|Publisher||Hodder & Stoughton|
|Date Published||27 January 2021|
The Butterfly House
A body is floating in the waters of an historic fountain, right in the centre of Copenhagen's main city square. A body that's been drained of all its blood. So begins a new and gruesome case for Investigator Jeppe Korner and his assistant Anette Werner.
The investigation is led by Jeppe Korner, an interesting character. He is newly divorced, temporarily living with his needy mother whilst pursuing a tentative relationship with Sara, a fellow investigator. Jeppe's usual work partner, Anette Werner, is on maternity leave but she is finding it hard to settle down to life with her new baby daughter and she can't resist getting involved, unofficially, with this latest investigation.
The USP of this well-written thriller is that it takes the reader into some of the darker and more disturbing aspects of the world of psychiatry. When more murders are committed using the same bizarre methodology it seems that the targets are amongst the ex-staff of the now defunct Butterfly House – ostensibly a care-giving institution for disturbed young people. And that the killings are meticulously planned, cleverly executed but ultimately the product of a deranged mind.
Just the right number of suspects are lined up, all with a grudge against the regime of the Butterfly House, and the identity of the murderer is satisfyingly withheld until the final pages. But not before Korner and Werner have both been placed in mortal danger.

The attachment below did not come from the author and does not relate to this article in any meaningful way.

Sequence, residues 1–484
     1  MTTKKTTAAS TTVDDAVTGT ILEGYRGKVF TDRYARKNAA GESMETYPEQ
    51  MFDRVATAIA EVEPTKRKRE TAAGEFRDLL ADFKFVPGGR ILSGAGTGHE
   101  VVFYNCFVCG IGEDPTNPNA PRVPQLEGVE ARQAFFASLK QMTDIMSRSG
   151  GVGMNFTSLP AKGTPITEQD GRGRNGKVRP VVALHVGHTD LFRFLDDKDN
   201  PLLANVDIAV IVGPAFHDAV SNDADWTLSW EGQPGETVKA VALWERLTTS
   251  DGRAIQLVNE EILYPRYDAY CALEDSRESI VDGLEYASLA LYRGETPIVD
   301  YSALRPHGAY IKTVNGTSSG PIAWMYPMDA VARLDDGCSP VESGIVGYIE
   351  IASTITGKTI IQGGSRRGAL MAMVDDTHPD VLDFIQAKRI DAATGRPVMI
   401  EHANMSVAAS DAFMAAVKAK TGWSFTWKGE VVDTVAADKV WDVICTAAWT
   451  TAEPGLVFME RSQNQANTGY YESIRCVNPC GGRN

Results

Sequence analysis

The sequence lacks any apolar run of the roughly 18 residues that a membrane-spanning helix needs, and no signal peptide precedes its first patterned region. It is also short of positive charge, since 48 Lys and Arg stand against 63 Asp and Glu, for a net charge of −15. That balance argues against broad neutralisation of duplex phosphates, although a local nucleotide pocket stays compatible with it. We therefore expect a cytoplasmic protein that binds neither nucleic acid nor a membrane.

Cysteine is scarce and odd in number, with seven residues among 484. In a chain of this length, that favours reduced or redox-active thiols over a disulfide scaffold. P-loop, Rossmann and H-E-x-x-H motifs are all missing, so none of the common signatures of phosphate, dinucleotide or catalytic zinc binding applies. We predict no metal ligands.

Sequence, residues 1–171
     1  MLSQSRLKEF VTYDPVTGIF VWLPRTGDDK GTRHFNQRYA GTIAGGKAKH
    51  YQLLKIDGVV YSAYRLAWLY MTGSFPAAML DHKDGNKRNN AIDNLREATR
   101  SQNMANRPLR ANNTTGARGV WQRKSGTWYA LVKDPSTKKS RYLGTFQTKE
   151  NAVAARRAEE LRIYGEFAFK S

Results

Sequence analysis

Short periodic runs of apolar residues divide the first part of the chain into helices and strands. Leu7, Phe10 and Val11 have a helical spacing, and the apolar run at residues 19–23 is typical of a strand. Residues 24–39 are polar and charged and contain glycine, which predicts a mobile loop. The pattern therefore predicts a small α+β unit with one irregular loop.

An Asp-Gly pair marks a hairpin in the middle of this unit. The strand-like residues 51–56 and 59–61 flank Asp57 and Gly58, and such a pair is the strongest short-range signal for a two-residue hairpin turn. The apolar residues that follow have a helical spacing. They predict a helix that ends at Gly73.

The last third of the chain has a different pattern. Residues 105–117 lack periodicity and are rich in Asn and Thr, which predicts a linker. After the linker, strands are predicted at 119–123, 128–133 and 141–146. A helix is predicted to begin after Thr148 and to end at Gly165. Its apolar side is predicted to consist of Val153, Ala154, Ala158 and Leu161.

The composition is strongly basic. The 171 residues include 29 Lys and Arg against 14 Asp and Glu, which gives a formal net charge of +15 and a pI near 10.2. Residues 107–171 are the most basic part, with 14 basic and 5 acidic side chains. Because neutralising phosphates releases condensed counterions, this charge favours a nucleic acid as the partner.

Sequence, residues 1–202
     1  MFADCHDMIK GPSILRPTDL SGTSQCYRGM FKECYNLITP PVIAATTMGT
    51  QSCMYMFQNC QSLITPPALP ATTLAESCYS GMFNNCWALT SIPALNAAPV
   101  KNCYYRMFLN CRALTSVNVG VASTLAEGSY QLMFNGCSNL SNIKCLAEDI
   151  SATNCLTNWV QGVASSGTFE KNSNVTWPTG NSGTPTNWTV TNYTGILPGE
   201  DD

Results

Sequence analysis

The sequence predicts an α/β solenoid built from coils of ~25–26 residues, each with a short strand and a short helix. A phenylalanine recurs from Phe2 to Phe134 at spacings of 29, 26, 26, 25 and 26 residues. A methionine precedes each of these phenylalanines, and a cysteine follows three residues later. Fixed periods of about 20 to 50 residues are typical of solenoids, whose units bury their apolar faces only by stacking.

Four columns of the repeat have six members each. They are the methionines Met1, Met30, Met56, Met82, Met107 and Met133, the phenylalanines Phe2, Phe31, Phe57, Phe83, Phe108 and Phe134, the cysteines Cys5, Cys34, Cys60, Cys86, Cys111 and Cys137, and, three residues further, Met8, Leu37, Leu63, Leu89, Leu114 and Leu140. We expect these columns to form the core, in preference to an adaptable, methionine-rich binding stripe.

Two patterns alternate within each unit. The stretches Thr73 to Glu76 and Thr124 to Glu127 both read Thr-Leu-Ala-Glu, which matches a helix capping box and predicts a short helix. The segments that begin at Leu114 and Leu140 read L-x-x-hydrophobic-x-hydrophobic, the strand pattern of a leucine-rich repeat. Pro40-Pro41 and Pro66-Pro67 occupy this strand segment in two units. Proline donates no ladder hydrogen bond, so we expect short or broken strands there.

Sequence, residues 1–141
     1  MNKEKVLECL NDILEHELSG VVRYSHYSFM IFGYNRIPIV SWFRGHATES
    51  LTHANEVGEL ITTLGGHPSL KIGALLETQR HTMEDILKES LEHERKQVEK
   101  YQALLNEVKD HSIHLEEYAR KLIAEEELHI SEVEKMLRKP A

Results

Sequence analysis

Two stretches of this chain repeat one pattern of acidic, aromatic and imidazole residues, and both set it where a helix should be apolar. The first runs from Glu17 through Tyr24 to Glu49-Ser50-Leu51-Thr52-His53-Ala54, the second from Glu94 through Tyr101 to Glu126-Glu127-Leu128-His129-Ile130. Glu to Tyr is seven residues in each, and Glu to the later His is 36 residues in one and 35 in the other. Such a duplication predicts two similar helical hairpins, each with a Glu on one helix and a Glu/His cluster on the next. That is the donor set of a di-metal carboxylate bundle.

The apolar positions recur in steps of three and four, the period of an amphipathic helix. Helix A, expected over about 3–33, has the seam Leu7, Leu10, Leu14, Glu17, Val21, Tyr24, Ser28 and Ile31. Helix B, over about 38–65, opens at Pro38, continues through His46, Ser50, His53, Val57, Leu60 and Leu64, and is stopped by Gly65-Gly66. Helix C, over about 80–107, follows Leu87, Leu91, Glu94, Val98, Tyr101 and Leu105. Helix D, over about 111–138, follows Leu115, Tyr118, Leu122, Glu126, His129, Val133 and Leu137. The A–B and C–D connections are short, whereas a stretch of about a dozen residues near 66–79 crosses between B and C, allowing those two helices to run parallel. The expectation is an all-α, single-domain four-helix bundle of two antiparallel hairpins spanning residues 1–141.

There are several interesting sub-themes in this book covering a variety of mental health issues which neatly dovetail with the main plot. An unnamed nurse is stalking the wards of one of Copenhagen's main hospitals, a syringe filled with an overdose of heart medication in her hand. A lonely elderly woman becomes involved with her new neighbour who may or may not be a suspect in the blood-letting case. Investigator Korner's own mother is suffering from feelings of uselessness and neglect (she rings him several times a day) whilst he struggles with his own feelings for mother of two Sara and the question of to commit or not to commit. And detective Anette Werner wonders if she will ever be the wife and mother she wants to be when she just can't feel the right emotions.
The is the second crime book by Katrine Engberg and from her acknowledgements it seems she has done her research into paediatric psychiatry. Intriguingly, Katrine is a former dancer and choreographer. Her first book to feature Jeppe Korner and Anette Werner, The Tenant, is now high on my reading list!
Reviewed 13 March 2021 by Viv Beeby